New research has revealed the treats that dogs can’t get enough of, the top brands of biscuits, and how pet-parents can most effectively use treats to train their dogs, ahead of International Dog Biscuit Appreciation Day.

Analysts at kennel manufacturer Benchmark Kennels have surveyed dog owners to find their favourite treats, and talked to professional dog trainer Ali Smith and animal behaviourist Rachel Rodgers to reveal how best to train your dog using treats.

Key Findings

  • Chicken is a dog’s favourite treat, with over 1 in 5 (20.33%) canines choosing this as their top snack.
  • This is closely followed by hotdogs (15.67%) and cheese (15.33%).
  • Benchmark Kennels compiled data from dog owners on which treats their dogs are most willing to recall and complete a command for.
  • Benchmark Kennels spoke to professional dog trainer Ali Smith about training your puppy with treats, and clinical Animal Behaviourist Rachel Rodgers about the most effective treats for teaching different commands and training your dog in different environments.

Obedience training can be very trying, so to gain some insight into this part of puppy parenthood, Benchmark Kennels decided to reach out to the founder of Rebarkable and overall puppy expert, Ali Smith.

“Certain breeds are definitely easier to train, but there is no ‘disobedient’ breed. Just some who are bred to be independent and some who are bred to work closely with you.

“More biddable breeds include German Shepherds, Labrador Retrievers, toy poodles, border collies – essentially the breeds that are often deemed ‘smart’ breeds, and the more aloof or independent breeds like Huskies, Harriers, Shiba Inu, and a whole host of terriers are usually equally smart, it can just be more difficult to find their wavelength.”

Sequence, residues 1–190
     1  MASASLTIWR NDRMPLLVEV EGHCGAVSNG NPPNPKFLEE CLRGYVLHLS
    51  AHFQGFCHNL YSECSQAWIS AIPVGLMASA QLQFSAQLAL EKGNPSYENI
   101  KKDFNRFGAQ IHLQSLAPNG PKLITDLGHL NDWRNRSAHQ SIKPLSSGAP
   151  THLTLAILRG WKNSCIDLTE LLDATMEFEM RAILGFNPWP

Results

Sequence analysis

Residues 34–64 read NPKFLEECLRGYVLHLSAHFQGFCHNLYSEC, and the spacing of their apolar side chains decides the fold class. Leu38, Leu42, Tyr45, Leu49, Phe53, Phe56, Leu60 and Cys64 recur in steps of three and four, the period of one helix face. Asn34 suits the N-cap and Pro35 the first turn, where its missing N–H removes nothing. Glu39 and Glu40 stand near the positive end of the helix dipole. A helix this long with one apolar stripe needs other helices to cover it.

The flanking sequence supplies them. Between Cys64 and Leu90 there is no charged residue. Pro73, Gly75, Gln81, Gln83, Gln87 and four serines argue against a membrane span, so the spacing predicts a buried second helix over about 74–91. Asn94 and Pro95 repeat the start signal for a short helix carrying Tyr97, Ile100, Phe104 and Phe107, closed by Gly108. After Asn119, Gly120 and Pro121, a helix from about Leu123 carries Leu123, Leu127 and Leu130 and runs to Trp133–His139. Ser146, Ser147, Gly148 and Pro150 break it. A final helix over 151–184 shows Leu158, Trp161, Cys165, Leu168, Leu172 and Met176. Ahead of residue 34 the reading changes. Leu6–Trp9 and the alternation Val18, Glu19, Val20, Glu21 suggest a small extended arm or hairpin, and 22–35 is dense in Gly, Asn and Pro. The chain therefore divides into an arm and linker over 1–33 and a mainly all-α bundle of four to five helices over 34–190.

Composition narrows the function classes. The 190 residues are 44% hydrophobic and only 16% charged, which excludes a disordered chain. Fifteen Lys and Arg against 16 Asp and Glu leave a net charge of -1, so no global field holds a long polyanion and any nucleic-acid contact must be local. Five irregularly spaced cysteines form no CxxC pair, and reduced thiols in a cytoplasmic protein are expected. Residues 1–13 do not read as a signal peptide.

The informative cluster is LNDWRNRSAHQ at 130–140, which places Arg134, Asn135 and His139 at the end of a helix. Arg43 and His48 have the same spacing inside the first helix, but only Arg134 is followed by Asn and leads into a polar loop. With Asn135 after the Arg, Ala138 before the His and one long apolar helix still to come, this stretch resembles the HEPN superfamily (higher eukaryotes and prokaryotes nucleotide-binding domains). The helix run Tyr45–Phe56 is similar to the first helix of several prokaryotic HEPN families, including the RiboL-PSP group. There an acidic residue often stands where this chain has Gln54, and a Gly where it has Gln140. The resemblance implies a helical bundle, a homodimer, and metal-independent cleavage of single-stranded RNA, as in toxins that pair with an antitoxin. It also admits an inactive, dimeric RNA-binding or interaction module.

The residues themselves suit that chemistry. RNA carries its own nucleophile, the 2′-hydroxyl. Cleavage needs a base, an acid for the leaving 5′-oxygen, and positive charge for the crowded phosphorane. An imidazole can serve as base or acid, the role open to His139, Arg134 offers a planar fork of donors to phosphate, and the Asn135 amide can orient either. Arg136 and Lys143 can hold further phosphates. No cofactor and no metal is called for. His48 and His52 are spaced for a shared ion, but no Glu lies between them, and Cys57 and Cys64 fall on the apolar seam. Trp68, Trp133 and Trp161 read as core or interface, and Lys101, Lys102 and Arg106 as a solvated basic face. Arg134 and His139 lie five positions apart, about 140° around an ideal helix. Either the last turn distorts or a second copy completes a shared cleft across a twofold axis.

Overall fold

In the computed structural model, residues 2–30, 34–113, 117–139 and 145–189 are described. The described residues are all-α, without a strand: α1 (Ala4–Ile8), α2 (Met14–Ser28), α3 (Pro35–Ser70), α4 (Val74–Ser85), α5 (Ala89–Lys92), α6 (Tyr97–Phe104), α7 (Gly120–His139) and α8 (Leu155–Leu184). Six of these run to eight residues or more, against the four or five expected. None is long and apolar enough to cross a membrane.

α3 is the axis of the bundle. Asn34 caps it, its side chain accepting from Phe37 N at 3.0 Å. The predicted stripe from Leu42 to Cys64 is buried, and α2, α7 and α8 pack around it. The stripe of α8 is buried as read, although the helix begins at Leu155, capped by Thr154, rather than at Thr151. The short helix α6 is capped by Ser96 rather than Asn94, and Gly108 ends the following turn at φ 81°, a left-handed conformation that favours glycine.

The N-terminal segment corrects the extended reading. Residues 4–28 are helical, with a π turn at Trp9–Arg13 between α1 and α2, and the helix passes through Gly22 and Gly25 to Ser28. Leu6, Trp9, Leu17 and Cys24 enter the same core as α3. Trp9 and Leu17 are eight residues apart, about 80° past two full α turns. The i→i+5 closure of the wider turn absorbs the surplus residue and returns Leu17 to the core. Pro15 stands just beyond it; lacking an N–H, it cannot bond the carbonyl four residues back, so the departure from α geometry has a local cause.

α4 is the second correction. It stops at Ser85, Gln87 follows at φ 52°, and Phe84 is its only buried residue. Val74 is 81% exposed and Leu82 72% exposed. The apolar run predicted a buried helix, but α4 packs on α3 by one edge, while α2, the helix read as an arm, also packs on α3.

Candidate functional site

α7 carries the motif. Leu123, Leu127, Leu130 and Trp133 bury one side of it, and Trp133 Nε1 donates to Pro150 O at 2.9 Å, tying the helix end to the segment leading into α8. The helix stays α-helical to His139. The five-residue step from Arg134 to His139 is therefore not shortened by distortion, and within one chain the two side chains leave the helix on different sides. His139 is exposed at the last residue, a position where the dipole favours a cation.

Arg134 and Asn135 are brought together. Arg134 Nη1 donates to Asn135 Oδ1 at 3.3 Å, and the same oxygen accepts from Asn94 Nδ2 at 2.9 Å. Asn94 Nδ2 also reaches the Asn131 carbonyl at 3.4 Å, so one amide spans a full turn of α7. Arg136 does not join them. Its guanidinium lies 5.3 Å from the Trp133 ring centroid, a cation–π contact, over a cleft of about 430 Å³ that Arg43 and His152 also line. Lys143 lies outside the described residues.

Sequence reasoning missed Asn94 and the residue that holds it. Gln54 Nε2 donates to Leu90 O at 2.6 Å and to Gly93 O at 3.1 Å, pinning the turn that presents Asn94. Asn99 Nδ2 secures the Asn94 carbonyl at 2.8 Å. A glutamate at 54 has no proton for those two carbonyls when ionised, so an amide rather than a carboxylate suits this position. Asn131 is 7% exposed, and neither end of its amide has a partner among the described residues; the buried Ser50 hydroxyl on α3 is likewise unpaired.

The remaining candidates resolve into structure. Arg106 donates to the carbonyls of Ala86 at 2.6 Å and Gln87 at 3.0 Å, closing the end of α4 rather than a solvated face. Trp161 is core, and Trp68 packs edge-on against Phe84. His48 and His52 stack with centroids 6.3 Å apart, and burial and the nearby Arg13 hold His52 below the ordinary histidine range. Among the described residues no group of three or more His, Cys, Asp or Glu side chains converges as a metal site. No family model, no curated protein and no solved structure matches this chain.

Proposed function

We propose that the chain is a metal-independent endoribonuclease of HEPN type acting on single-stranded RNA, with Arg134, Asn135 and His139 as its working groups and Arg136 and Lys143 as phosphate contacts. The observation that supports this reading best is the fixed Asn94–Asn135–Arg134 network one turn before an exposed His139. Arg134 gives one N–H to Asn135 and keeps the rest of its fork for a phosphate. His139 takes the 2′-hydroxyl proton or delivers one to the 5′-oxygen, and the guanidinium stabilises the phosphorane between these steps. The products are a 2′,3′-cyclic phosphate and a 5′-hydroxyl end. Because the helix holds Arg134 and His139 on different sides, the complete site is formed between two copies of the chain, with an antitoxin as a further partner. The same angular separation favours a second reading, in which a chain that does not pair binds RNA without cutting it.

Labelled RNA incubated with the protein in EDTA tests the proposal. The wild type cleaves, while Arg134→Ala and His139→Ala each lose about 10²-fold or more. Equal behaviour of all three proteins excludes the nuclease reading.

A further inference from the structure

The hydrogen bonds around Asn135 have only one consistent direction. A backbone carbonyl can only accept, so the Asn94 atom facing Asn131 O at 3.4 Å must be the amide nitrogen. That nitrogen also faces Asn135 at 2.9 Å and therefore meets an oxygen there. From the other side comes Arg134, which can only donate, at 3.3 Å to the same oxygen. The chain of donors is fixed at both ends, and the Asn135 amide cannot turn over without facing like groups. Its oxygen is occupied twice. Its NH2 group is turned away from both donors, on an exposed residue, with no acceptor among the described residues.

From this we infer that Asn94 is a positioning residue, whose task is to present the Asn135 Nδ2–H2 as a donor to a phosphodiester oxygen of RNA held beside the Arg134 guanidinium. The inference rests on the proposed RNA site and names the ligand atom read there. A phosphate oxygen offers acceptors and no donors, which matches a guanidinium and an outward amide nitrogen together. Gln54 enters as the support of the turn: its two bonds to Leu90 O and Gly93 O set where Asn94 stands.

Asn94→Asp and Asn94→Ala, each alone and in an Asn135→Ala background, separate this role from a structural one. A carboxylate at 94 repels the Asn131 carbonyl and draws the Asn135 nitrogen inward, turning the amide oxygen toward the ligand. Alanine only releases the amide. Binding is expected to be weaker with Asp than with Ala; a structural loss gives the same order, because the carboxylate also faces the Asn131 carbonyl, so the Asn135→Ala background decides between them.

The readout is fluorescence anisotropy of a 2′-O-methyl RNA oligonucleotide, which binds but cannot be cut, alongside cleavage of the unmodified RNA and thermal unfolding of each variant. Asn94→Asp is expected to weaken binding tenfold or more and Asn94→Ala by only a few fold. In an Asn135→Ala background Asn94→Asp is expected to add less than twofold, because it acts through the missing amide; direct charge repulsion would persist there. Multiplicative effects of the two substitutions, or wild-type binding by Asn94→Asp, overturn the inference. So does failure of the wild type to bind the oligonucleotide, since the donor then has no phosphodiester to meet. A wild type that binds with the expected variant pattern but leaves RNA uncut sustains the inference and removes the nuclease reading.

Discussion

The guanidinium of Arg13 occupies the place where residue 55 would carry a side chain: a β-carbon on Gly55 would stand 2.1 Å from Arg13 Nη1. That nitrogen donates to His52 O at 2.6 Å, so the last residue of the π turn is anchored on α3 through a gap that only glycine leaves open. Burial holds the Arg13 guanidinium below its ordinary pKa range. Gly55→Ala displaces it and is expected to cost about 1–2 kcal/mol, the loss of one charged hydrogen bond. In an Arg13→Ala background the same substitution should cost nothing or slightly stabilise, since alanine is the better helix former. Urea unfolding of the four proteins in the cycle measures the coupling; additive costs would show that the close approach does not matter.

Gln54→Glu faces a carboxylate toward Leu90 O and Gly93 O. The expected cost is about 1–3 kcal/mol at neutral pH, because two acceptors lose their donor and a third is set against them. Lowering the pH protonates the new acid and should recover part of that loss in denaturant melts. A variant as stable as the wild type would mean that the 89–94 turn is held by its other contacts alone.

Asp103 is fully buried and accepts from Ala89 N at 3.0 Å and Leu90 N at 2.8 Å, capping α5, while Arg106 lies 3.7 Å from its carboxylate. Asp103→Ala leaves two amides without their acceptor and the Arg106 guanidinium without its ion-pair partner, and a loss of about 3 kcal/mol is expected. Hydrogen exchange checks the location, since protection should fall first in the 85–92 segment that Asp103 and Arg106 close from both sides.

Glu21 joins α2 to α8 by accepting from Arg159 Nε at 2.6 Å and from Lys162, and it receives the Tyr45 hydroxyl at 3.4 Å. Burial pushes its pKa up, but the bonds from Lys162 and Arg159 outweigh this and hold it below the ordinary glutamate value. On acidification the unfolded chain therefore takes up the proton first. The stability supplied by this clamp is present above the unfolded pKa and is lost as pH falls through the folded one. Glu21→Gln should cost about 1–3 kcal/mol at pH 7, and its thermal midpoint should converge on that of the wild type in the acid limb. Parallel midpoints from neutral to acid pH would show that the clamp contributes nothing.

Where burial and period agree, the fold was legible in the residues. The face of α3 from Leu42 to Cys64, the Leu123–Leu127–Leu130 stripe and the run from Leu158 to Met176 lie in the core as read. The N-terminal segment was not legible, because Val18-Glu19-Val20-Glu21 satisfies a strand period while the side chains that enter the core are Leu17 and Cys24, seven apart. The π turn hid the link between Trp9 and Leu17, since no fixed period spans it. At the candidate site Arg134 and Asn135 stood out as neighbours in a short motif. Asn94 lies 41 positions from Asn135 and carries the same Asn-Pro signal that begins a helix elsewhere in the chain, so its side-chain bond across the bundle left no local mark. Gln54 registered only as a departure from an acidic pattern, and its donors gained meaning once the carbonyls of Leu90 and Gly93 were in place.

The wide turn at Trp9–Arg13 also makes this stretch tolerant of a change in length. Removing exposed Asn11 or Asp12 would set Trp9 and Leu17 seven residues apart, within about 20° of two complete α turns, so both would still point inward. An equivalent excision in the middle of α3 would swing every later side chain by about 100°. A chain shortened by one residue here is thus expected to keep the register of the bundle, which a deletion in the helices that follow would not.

Treats can provide the perfect reward and incentive for pups to follow commands. Creating this positive connection between food and obedience can speed up the training process massively.

However, some dogs are also more inclined to work for food than others, such as greedy labradors and pugs! These breeds happily see treats as their reward whereas working dogs such as spaniels, shepherds and collies might find a toy and a good game of tug and war more enticing. The key to the training process is finding what motivates your dog in particular.

The environment in which a dog is taught has a direct impact on their concentration levels and as a result, their ability to learn and absorb new tricks or habits. The Benchmark team contacted clinical Animal Behaviourist and fellow expert in all things dog, Rachel Rodgers, to expand on why certain treats are more effective in different environments.

“When teaching something new, or taking known tricks into an unfamiliar, distracting environment such as a park, we need to use higher value products such as meat-based treats. When in a familiar place like the home, lower value treats such as more traditional, shop-bought biscuits like milk and gravy bones can work well.”

While it may seem like treats are not compelling your dog like they should, it may be the case that what you are offering is simply not tempting enough to command your pooch’s attention, especially while they are in an interesting environment. It is a good idea to vary the treats that you give your pup to ensure that each remains interesting and does not lose its effect.

Barking at the doorbell, begging at the dinner table, jumping up at guests – we’ve all been there! However, specific dog treats can be used to fix these behavioural issues.

While these issues can be frustrating, it is essential to consider why a dog might be acting in such a way. After ruling out potential causes of pain or fear, it is worth considering that your pooch is oblivious to the fact that they are doing anything wrong.

Rachel Rodgers explains: